Another fall in public support for changing sex on birth certificates

The more people understand the real-world impact of pretending people can change sex, the less they like it

The latest results from the annual British Social Attitudes survey show a further fall in support for the law that allows people to change the sex recorded on their birth certificate. It seems that the more this is talked about, the less people like it.

Each year the British Social Attitudes survey, conducted by the National Centre for Social Research, asks a large representative sample of the UK population what it’s like to live in Britain and what they think about how Britain is run. The survey asks whether transgender people should be allowed to change the sex on their birth certificate. It doesn’t expand on what it means by “transgender” or what conditions should be attached to this process. 

Back in 2016, a majority of people agreed that they should be allowed. Only 22% disagreed. A similar proportion didn’t express a view either way.

From 2016 to 2019 there was a slow shift away from allowing people to change their recorded sex, with growing uncertainty and growing resistance. In 2020 support for allowing people to change the sex recorded on their birth certificates collapsed. For the first time, more people disagreed than agreed – 39% against and 32% in favour of allowing change. In effect, 10 million people withdrew their support, some becoming uncertain but most deciding against the policy. There is nothing in the survey question about self-identification of sex, but it seems likely that the debate in 2018 and 2019 about proposed changes to the Gender Recognition Act to make it easy for anyone to change their birth certificate was a major factor.

Support drifted downwards slightly over the next three years to 2022. But the latest results, from 2023, show a further reduction in support, and even more people willing to say they have made up their minds and now disagree. This time, the equivalent of three million people have moved from Yes to No, and another 1.5 million Don’t knows have moved into the No camp. For the first time, a majority of people in the UK think that people should not be allowed to change the sex recorded on their birth certificate. 

Graph of NatCen results

If the debate around the UK-wide proposal for self-ID in 2018 to 2019 was the catalyst for the first crash in support, it seems likely the debate around the Scottish Gender Recognition Reform bill in 2022 to 2023 caused the second one. Images of convicted double rapist “Isla Bryson” in pink leggings were widely reported across the UK, as was the difficulty that then-First Minister Nicola Sturgeon had in answering the question of whether Bryson was a man or a woman. She said: “That person is a rapist”, as if “rapist” was now a third sex.

Concerns about the medical transitioning of children and young people are also likely to have played a part, with attention on the Tavistock Clinic.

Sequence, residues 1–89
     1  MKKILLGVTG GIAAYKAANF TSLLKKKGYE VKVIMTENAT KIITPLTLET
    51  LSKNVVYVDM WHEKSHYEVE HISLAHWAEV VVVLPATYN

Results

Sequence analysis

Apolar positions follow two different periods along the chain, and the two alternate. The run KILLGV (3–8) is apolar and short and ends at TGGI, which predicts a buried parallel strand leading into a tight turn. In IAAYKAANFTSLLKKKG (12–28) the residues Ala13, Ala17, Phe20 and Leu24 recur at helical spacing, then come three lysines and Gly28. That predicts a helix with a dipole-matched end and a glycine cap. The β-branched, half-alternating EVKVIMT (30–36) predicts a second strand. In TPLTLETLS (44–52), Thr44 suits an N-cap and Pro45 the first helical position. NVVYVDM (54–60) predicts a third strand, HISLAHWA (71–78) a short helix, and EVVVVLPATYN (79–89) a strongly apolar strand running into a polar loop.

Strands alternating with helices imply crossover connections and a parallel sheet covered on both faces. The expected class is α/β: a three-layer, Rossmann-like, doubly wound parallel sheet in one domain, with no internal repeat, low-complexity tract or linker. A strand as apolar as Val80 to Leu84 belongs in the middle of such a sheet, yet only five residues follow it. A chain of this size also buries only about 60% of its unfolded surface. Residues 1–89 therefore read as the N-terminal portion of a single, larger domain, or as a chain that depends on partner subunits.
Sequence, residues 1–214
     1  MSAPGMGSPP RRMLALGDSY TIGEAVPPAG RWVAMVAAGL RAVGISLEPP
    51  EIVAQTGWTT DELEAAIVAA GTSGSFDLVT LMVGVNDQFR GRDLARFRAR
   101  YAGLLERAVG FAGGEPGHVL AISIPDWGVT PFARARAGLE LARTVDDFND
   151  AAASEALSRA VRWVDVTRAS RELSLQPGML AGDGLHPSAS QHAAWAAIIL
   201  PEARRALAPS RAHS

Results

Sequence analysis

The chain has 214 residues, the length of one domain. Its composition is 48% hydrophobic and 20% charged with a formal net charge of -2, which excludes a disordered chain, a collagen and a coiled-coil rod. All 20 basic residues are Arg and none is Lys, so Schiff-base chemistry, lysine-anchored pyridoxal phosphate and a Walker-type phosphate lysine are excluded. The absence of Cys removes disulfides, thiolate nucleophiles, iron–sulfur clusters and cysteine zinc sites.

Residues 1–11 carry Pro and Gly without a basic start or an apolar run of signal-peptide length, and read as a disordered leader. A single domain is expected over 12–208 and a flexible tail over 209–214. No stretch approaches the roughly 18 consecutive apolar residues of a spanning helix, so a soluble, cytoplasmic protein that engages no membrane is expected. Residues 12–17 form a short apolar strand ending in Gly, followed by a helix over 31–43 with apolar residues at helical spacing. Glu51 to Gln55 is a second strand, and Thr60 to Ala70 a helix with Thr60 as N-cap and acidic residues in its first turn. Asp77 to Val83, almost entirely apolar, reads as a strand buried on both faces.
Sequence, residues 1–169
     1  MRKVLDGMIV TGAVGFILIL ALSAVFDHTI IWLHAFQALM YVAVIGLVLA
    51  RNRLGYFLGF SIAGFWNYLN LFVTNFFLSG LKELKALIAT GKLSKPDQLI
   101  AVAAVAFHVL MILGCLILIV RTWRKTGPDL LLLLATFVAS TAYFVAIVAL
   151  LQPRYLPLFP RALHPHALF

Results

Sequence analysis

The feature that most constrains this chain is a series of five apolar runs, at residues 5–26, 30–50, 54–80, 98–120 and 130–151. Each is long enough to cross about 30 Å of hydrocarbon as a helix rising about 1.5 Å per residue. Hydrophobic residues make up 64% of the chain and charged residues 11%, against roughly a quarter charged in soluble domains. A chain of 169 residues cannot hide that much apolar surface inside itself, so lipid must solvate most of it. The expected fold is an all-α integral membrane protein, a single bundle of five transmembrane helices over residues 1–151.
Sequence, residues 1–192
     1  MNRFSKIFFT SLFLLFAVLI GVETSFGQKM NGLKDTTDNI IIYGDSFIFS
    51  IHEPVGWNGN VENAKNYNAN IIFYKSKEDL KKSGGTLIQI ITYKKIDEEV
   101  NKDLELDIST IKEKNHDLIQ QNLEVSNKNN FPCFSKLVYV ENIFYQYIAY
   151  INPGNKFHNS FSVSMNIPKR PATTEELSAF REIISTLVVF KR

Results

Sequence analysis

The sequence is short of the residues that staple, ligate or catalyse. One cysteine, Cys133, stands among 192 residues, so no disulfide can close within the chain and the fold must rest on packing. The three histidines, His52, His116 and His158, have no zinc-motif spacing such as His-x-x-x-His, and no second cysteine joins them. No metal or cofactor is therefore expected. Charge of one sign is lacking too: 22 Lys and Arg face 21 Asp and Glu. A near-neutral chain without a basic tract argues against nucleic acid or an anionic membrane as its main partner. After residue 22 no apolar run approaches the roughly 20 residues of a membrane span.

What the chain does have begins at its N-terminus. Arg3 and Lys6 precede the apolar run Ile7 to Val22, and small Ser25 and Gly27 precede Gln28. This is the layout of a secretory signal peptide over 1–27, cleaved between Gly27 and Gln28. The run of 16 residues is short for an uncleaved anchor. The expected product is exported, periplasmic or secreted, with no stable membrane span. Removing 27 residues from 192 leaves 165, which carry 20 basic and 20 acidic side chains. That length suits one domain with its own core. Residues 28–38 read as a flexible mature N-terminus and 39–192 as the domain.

Over the past seven years more than half of those who previously supported this policy have changed their minds. This coincides with growing awareness of gender ideology and how it impacts other people, especially women, who are now enabled by legal protection to express “gender critical” views – and the reaction to those reasonable views. It seems likely that this huge swing in opinion is down to the fact that the more the public understands the real-world impact of pretending that people can change sex, the less they like it.

The National Centre for Social Research, which runs the survey, presents these findings as contrasting with “the more widespread movement of society in a more liberal direction”, pointing to greater acceptance of same-sex relationships and non-traditional family forms. But perhaps allowing people to change their birth certificates, and in general undermining clarity about sex is no longer seen as a straightforwardly “liberal” idea. 

People generally take a “live and let live” attitude to other people’s self-expression: how a person dresses and chooses to live their life. But the idea that someone who does not fit with gender stereotypes is actually the opposite sex, or should try to live as if they were, no longer seems like a progressive or liberal position.

Some politicians are still calling the discussion of how these demands affect other people’s rights a “distraction” or part of a “culture war”. But more and more people now realise that “trans rights” are not just about being kind to a tiny minority, and that trying to conceal people’s sex affects the privacy, dignity and safety of women and children. This report is further evidence that women’s rights and the call to stand up for single-sex services are not niche or trivial issues. A majority of the general public now understands this. Perhaps UK politicians will now catch up with public opinion.